Energy weapons is an umbrella term for a variety of different weapon systems that are powered by technology that weaponizes both real-world and science-fiction physical laws (often a combination of both). Strictly speaking all weapons are energy weapons since some form of energy is needed to damage the target. Traditional ranged weapons use chemicals like gunpowder to deliver deforming kinetic energy to the target through bullets and grenades.
It is a common feature of many gaming energy weapons that these chemical explosives are not used. Often the emission of heat is used in a destructive manner instead of kinetic impact. Regardless of kind of technology the projectiles of energy weapons are depicted as pulses or beams of light. In real life these weapons are not realized in this way, because size, potential destructive force or power consumption would be unfavorable.
In video games energy weapons sometimes do not require ammunition, but require the player to manage heat generated by usage. In alien invasion scenarios the aliens often make extensive use of energy weapons, while humans stick to conventional projectile based armament. There are a few main groups of game energy weapons.
Macroscopic mass accelerators
This weapon type is more traditional in the sense that some kind of projectile is shoot at the enemy to deliver a damaging impact. Instead of using combustible propellant to accelerate the usually metal projectile they rely on electromagnetic fields. Weapons that work according to this principle are often called "Gauss guns", named after the German scientist, Carl Friedrich Gauss, who formulated the mathematical descriptions of magnetism. Other names include kinetic energy weapons, mass drivers or railguns. Examples include the Gauss-weapons in the BattleTech universe or the small arms in the Mass Effect games, the later also add the mass effect sci-fi concept to the mode of operation of such guns.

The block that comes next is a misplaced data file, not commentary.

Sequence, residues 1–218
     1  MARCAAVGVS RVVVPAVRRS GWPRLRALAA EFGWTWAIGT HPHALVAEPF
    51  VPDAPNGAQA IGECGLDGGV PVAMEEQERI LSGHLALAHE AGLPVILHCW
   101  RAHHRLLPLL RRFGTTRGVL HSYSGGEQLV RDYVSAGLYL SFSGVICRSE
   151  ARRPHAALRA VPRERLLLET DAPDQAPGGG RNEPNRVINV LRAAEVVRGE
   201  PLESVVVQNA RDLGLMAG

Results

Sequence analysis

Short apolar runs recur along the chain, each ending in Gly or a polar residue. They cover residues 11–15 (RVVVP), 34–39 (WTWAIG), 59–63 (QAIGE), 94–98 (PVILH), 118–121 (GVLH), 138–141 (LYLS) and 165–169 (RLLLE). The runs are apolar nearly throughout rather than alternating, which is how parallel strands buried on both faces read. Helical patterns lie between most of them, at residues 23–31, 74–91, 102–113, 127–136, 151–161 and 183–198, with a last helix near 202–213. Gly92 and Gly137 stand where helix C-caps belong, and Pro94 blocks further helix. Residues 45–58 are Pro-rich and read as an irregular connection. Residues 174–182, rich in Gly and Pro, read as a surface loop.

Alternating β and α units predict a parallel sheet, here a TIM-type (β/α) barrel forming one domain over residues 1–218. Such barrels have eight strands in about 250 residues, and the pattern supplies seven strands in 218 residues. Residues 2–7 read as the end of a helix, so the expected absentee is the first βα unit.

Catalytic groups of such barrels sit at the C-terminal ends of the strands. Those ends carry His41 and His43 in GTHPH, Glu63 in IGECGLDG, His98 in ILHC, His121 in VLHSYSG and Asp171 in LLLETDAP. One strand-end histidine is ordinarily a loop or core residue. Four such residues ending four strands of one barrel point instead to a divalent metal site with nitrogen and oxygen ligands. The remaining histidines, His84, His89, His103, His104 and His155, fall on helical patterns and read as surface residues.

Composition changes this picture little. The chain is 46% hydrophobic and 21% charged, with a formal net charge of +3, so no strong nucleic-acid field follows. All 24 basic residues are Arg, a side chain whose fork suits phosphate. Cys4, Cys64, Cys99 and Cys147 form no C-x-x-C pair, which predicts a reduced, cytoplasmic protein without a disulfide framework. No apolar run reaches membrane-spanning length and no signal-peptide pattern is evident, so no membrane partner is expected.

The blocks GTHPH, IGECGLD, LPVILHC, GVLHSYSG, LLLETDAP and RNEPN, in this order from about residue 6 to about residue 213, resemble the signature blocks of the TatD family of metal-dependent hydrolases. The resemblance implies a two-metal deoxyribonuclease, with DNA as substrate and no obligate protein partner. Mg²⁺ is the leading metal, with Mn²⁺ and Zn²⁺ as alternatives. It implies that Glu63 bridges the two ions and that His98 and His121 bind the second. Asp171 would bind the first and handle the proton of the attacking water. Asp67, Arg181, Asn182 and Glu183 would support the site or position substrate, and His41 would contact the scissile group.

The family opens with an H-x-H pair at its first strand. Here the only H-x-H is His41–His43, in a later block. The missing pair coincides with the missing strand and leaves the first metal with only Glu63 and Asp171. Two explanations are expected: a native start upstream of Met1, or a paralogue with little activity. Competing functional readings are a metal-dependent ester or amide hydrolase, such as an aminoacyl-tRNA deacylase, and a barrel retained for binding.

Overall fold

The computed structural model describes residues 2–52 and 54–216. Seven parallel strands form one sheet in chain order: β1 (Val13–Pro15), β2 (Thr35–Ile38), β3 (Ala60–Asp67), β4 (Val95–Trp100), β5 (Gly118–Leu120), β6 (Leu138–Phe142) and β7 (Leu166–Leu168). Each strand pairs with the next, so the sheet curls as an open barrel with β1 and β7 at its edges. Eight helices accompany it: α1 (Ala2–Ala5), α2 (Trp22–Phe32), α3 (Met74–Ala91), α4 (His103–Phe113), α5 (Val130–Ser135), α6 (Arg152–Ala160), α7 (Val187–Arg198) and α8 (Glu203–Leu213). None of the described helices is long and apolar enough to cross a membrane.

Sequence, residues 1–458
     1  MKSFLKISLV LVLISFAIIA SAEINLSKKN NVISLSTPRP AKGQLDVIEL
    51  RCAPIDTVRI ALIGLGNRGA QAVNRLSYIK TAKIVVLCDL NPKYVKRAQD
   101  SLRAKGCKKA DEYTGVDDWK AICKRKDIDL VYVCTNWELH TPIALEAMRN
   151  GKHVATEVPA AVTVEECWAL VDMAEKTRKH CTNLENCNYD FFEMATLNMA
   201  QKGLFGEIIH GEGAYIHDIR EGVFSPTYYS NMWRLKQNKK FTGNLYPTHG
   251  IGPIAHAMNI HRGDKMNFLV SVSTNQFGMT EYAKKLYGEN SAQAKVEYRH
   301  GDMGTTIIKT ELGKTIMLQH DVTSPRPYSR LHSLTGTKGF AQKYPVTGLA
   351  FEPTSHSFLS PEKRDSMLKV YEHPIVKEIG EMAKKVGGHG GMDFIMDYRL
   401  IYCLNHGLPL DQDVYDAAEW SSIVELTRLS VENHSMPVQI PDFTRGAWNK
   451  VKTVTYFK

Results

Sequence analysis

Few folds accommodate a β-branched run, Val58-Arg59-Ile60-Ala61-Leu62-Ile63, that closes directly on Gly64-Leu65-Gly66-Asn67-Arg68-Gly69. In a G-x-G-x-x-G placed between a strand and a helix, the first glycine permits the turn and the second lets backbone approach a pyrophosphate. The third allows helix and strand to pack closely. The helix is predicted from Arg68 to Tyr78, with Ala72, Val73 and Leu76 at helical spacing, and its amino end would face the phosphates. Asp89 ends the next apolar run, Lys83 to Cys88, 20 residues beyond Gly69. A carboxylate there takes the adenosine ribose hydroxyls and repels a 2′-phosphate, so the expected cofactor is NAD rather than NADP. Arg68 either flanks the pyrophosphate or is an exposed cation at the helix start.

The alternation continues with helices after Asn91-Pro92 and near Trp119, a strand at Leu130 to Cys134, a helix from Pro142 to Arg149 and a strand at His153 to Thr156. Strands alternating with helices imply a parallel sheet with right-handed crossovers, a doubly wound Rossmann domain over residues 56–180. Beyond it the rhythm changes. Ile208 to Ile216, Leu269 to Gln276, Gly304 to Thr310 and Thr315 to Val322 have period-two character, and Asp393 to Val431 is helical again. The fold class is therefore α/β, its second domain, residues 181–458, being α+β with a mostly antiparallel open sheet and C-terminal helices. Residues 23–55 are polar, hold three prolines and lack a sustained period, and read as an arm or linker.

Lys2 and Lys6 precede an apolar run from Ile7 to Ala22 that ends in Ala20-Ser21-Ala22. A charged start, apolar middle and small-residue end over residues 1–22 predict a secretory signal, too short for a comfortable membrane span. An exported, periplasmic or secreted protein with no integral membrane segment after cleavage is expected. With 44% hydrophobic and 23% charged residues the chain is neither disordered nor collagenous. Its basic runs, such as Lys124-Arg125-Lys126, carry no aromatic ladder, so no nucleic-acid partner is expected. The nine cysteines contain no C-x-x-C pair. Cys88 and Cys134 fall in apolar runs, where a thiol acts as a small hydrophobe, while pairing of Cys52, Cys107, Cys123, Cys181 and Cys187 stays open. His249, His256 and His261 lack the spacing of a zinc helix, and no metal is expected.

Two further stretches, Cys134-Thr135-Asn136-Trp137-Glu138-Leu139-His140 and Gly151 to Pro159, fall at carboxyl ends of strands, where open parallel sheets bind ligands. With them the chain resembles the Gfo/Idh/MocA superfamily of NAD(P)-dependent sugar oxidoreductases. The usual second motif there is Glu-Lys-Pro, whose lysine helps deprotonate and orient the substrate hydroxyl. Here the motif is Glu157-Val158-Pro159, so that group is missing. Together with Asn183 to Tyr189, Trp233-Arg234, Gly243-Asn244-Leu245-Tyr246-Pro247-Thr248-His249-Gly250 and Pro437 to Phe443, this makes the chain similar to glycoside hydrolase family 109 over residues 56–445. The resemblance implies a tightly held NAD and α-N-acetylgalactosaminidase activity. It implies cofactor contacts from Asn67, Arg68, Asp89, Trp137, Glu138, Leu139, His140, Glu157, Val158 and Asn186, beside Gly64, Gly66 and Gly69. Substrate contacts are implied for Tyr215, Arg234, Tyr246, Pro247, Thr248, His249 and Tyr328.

Particle Beam Weapons
Particle beam weapons shoot beams or bolts of charged or uncharged particles like electrons, ions or atoms at the target. Due to velocities near the speed of light the kinetic energy of those particles is high and is able to destroy the molecular structure of the target (surface). The serbian inventor and engineer Nikola Tesla envisioned the so called "death rays" at the beginning of the 20th century. His manuscripts vanished after his death leading to a lot of conspiracy theories. This weapon type includes the ion cannon, known for example as the ultimate weapon in GDI arsenal of the Command&Conquer games, and the ubiquitous plasma guns, which simply put fire super hot gases.
Electromagnetic radiation weapons
Most notably this category includes LASERS (Light Amplification by Stimulated Emission of Radiation). These heat up the target leading to violent evaporation of the target surface and shear between the affected and adjacent material. Laser weapons are featured in almost every science-fiction game.Somewhat similar are MASERS ("Microwave Amplification by Stimulated Emission of Radiation"), which emit EM radiation over a wide spectrum.
Less common are devices that weaponize sonic beams (Sonic tanks in Dune II) or electric currents (lightning bolts). These often work directly against human physiology, affecting gas nuclei in tissues or disturbing the electricity based nervous system respectively. Rarely, but prominently, some form of energy powers sword-like melee weapons such as the lightsaber or the Halo energy sword. These devices can not easily be connected to real world phenomena, without defying known physical laws.